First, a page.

Gross said that over the last few months he has met with members of the rabbinic council and local agencies and visited Jewish organizations not affiliated with federation.
Such meetings, he said, “created for me an increased level of inspiration and passion.” He described the encounters with young adults, youngsters, and seniors as “visceral experiences.”
He challenged others to visit federation-supported agencies and programs “to add fuel to that fire that burns within each of us to do good, to do the right thing, and to help our fellow Jews.”
Linda Block of East Brunswick was recognized as outgoing Women’s Philanthropy copresident. She is incoming assistant secretary on the federation executive committee and cochair of the 2013 Vanguard event and serves on the national Women’s Philanthropy board.
Thinking about tomorrow
ALMOST TWO YEARS after the launch of a major community initiative to increase planned giving, the Jewish Federation of Greater Middlesex County thanked all those who have made a commitment to this initiative.
A ceremony held before the federation’s June 18 annual meeting recognized the members of the Create a Jewish Legacy society, who have endowed programs and services designed to strengthen Jewish Middlesex.
“You are an impressive cult, if you will, of passionate Jewish members,” said Create a Jewish Legacy cochair Michael Wasserman of Highland Park. “Our goal is to turn our ‘cult’ into a ‘culture’ of Jewish philanthropy.”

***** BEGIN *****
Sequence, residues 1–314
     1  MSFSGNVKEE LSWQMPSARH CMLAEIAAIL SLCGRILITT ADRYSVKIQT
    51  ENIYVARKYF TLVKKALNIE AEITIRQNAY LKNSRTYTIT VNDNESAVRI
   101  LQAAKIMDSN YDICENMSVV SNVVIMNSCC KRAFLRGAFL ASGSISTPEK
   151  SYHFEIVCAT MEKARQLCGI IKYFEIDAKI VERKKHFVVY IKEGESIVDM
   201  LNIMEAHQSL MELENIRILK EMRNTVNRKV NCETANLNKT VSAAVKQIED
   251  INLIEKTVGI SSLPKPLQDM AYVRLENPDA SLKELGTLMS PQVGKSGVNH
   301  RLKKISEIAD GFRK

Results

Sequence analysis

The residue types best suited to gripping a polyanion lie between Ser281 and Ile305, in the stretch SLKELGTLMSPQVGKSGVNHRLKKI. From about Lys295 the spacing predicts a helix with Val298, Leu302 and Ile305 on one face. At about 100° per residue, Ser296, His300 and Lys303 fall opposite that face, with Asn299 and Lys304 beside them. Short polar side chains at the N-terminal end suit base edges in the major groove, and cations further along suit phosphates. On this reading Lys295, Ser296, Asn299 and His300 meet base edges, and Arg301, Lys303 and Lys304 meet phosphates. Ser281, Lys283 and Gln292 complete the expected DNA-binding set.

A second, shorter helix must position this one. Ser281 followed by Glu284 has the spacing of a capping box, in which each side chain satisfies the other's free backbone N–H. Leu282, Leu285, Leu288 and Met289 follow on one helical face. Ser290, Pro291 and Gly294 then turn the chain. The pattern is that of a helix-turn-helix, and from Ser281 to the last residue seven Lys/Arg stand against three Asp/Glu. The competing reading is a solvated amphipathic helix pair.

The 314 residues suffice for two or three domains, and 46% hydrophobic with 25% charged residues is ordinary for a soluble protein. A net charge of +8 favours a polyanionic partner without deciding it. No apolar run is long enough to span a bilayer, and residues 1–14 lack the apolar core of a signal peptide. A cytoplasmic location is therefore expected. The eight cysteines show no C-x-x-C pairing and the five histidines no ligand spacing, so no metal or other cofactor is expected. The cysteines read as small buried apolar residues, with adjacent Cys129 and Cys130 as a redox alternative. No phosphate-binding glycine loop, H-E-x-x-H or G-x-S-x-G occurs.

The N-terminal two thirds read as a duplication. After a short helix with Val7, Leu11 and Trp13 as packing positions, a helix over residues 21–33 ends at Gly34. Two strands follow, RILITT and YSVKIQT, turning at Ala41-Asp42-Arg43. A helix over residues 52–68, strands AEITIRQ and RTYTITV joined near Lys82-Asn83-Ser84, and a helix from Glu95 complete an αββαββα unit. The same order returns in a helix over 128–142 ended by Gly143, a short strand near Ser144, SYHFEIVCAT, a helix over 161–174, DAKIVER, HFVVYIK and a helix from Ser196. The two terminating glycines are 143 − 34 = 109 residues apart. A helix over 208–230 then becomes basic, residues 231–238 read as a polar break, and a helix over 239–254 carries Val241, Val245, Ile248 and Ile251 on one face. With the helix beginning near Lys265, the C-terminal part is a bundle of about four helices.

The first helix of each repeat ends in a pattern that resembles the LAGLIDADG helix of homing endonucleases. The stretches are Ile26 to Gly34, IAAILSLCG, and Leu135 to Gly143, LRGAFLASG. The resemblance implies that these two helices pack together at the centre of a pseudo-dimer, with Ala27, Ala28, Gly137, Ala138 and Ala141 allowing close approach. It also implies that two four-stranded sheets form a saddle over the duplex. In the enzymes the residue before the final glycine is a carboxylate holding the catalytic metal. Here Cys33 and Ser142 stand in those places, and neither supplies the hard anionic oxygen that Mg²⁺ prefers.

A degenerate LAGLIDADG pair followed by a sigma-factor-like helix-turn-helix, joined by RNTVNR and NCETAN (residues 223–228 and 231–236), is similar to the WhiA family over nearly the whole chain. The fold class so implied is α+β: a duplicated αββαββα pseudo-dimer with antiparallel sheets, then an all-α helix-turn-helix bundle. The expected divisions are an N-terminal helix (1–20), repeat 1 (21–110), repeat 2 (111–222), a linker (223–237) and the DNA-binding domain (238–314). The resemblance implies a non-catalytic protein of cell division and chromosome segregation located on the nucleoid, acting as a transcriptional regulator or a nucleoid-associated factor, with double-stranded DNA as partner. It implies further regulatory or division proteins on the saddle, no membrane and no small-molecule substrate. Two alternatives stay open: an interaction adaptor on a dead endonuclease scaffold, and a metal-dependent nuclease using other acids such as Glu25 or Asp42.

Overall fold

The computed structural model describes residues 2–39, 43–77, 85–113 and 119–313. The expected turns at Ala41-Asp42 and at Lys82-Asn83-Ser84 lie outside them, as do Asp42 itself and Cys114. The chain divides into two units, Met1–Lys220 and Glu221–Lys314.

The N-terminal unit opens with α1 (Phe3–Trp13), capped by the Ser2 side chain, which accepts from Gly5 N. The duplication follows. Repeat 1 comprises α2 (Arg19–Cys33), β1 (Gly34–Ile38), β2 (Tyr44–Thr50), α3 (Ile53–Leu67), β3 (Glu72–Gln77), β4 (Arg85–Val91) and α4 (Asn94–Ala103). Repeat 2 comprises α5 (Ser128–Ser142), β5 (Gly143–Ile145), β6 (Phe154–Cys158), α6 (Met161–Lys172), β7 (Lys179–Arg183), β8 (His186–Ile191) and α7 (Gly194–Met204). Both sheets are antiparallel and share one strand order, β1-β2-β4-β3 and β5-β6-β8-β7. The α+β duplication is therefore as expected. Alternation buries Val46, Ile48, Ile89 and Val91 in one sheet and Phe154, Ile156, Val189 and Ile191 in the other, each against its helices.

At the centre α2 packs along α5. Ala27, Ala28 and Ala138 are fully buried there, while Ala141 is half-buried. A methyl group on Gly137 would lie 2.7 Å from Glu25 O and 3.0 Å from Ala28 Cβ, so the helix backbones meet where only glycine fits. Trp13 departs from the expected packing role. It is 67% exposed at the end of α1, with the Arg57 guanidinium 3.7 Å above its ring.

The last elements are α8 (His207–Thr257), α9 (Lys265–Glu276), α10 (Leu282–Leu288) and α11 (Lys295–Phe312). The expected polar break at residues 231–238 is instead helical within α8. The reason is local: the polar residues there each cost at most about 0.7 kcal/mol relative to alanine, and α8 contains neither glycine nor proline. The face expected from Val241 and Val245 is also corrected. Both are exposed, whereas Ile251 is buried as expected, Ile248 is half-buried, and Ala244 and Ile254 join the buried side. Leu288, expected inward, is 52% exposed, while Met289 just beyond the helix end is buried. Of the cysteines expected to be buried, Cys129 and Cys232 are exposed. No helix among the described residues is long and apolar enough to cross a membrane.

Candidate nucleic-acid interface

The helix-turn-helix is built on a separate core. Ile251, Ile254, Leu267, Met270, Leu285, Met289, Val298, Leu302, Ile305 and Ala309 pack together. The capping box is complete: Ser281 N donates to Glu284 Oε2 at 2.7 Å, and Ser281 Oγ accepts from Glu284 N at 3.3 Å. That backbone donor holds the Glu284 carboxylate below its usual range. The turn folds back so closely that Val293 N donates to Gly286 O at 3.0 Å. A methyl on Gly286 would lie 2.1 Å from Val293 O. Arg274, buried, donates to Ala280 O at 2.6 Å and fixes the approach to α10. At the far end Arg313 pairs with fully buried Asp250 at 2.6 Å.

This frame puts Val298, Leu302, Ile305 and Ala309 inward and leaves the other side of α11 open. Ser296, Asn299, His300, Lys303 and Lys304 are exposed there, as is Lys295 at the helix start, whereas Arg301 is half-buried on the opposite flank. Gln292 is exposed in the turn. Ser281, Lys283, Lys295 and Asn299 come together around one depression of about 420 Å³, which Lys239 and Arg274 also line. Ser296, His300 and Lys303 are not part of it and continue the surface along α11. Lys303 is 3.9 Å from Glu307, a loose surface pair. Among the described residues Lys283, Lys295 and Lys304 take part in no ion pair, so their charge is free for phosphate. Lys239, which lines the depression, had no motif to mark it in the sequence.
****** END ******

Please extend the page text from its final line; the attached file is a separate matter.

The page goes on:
Wasserman, who has created a legacy with his wife, Marsha, said that by the year 2052, an estimated $41 trillion will change hands in the United States as “baby-boomers” and their parents pass on accumulated assets.
“Collectively, a generation of individuals who establish bequests as their lasting philanthropic legacies can transform our Jewish future,” said Wassermann, telling the CJL members, “You are living proof.”
All funds donated through the CJL campaign — through wills, living trusts, and similar instruments — are held in separate accounts by the federation’s Jewish community foundation. It is overseen by an endowment investment committee and full-time independent professional money managers, and funds can only be used for institutions for which they are earmarked.
Since the society’s establishment, six legacies have been created. These have been added to previous endowments, bringing the CJL total to more than 50, according to federation financial resource development director Rachel Ingber.
“I am so proud to be in the room with all of you,” said CJL cochair Sandy Lenger, who also has created an endowment with her husband, Steve. “You had the foresight, wisdom, and generosity to put down roots that will sustain our community. You enable our federation and many other Jewish organizations to provide critical services and programs — today and tomorrow.”
Partner agencies in the CJL initiative represented at the reception were the Middlesex federation, Congregation Ahavas Achim in Highland Park, Highland Park Conservative Temple-Congregation Anshe Emeth, and Jewish Family & Vocational Service of Middlesex County. Other partners are Congregation B’nai Tikvah in North Brunswick, the JCC of Middlesex County in Edison, and the Jewish Historical Society of Central Jersey.
For information on establishing a CJL endowment, contact Ingber at 732-588-1805 or firstname.lastname@example.org.
— DEBRA RUBIN